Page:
Acoustic instruments are donned for the following Joey Molland track, 'Sweet Tuesday Morning' a standout song featured on Straight Up. Delicately thumped conga percussion by Mike Gibbons tickles the three acoustic guitars played by Molland, Ham and Evans that are sewn together into a shimmering web of wooden reverberated sound. The three guitarists stand stoically, a modicum of concentration. Molland sings eyes closed fully invested in the performance. A highlighted document of a underrated LP track and united band performance.
The vibe stays pensive when Pete Ham sits at the piano for an exceptional reading of 'Take It All', the opening track off of Straight Up. In the 'rock room's' humble opinion this song is one of Ham's finest officially released compositions. The song is the perfect conglomerate of melodic prowess, instrumental attitude and emotive lyrical content. Ham and Evans intimate vocal blend is stirring and poignant, their magical collaboration on the chorus chill inducing. Also of note is Molland's clean tone recitation of the melody played within a tasteful Gibson SG solo. This live reading is sparse in comparison to the official studio reading. The clarity of just the four instruments allows for the melody to let out a breezy exhale and for all of the colors of the song to slowly bleed through, revealing a musical changing of seasons.
Before the assembled crowd can take a respite the band blasts into a high tempo version of the 'B' side single, 'Better Days'. Another Molland penned track, 'Better Days' is perhaps the highpoint of this particular performance finding the band deftly weaving their way through the song at an extreme tempo. In comparison to the studio version this is a raucous high speed romp with Gibbons rattling chains behind the kit. Ham solo's endlessly under the verses fully amped, in a fashion that would make any of the 1970's guitar gods blush. The guitar work here is worthy of inspection and amazement. Visually you can tell that the band is getting off as well, wearing looks of enthusiastic satisfaction. The preceding jam that took place in 'Suitcase' lubed up the gears for this nimble and torrid rendition. Off microphone asides and sizzling licks abound before the song ends as quickly as it started. Again, Mike Evans enthusiastic backing harmonies are an absolute pleasure to behold.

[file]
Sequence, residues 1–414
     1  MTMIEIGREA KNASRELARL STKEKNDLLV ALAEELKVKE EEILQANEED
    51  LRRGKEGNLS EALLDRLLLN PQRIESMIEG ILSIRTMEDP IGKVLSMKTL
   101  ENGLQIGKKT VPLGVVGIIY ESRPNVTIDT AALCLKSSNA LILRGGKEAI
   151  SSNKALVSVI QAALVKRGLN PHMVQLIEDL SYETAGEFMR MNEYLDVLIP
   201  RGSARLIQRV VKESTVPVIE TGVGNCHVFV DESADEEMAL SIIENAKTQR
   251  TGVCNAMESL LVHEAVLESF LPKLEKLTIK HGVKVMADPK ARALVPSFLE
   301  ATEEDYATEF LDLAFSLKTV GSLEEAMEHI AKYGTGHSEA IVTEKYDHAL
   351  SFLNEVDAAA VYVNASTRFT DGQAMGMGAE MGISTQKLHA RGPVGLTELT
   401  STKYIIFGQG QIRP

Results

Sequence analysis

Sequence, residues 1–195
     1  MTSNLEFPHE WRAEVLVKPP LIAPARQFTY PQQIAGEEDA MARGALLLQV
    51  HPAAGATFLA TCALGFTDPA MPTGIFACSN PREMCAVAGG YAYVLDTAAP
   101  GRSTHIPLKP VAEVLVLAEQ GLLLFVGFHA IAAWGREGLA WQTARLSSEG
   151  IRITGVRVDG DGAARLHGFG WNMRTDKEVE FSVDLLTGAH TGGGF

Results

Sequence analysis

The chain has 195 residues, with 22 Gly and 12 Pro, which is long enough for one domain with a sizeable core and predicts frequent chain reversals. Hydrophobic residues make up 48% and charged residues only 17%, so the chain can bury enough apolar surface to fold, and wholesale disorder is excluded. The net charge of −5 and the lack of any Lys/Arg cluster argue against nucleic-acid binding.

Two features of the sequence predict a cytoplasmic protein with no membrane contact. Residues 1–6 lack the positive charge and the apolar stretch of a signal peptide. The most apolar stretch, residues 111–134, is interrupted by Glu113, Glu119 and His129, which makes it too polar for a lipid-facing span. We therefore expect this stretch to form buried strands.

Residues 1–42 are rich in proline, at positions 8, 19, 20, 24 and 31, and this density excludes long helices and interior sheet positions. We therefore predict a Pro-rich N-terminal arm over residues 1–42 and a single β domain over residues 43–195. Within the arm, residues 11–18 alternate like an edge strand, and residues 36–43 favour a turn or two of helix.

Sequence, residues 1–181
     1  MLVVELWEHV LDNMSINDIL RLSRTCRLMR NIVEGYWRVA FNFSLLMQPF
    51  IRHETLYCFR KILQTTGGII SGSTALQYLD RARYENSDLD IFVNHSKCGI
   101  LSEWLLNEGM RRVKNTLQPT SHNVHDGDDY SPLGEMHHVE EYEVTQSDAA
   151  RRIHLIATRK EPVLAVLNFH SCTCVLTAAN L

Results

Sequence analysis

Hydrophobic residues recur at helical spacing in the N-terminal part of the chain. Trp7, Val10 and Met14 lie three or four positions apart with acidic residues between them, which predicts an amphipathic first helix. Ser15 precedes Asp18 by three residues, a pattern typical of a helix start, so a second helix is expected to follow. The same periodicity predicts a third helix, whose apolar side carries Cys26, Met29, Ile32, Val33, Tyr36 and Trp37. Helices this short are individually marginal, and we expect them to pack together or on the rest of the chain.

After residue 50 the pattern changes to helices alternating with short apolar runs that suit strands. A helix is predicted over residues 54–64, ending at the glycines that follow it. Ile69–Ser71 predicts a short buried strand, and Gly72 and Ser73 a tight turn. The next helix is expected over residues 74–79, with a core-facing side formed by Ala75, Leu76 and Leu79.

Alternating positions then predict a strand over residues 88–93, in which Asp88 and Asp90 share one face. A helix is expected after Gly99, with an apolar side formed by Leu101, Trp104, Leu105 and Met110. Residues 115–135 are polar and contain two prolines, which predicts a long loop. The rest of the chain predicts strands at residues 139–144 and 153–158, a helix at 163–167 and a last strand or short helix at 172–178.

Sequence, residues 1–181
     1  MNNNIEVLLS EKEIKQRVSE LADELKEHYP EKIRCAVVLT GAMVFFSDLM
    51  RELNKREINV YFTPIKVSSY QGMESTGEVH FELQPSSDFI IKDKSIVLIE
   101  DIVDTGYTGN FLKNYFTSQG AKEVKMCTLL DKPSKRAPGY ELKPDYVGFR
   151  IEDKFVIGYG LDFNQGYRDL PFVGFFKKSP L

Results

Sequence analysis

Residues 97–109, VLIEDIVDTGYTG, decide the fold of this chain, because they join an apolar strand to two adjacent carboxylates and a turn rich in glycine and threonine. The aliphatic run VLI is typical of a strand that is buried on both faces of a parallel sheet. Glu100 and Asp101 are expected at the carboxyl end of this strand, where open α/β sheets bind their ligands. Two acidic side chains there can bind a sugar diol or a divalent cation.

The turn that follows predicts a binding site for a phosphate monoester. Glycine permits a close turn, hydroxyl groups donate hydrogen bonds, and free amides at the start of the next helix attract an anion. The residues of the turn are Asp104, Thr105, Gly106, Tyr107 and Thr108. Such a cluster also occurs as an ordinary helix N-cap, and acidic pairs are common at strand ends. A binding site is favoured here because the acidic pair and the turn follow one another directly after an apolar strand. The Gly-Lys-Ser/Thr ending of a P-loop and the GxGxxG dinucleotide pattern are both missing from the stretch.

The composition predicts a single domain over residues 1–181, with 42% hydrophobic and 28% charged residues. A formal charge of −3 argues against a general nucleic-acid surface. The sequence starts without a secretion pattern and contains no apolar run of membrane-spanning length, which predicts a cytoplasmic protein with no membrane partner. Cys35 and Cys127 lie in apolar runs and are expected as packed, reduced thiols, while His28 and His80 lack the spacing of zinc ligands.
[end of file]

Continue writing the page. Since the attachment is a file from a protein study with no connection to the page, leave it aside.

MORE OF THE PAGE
45 seconds of audio for the post performance 'Johnny B Goode' exists, but only as a teaser, as the song was only played on top of the closing credits. No video exists for this, but as previously mentioned there is a quick audio snippet available to help to complete the performance. It's a shame as it sounds like a smoker!
This classic footage of Badfinger is an excellent primer for those just getting introduced to the band's catalog, as well a being a welcome addition to the collections of well versed fans. Even in the sterile environment of a television sound stage, the talent and musical abilities of the band illuminate the performance with perfect power pop. The tragic stories contained within the group can be temporarily forgotten and their legacy remembered through this multifaceted performance.
Day After Day-Set of Six
Sweet Tuesday Morning-Set of Six
Take It All-Set of Six
Suitcase-Set of Six
Better Days-Set of Six
No Matter What-Set of Six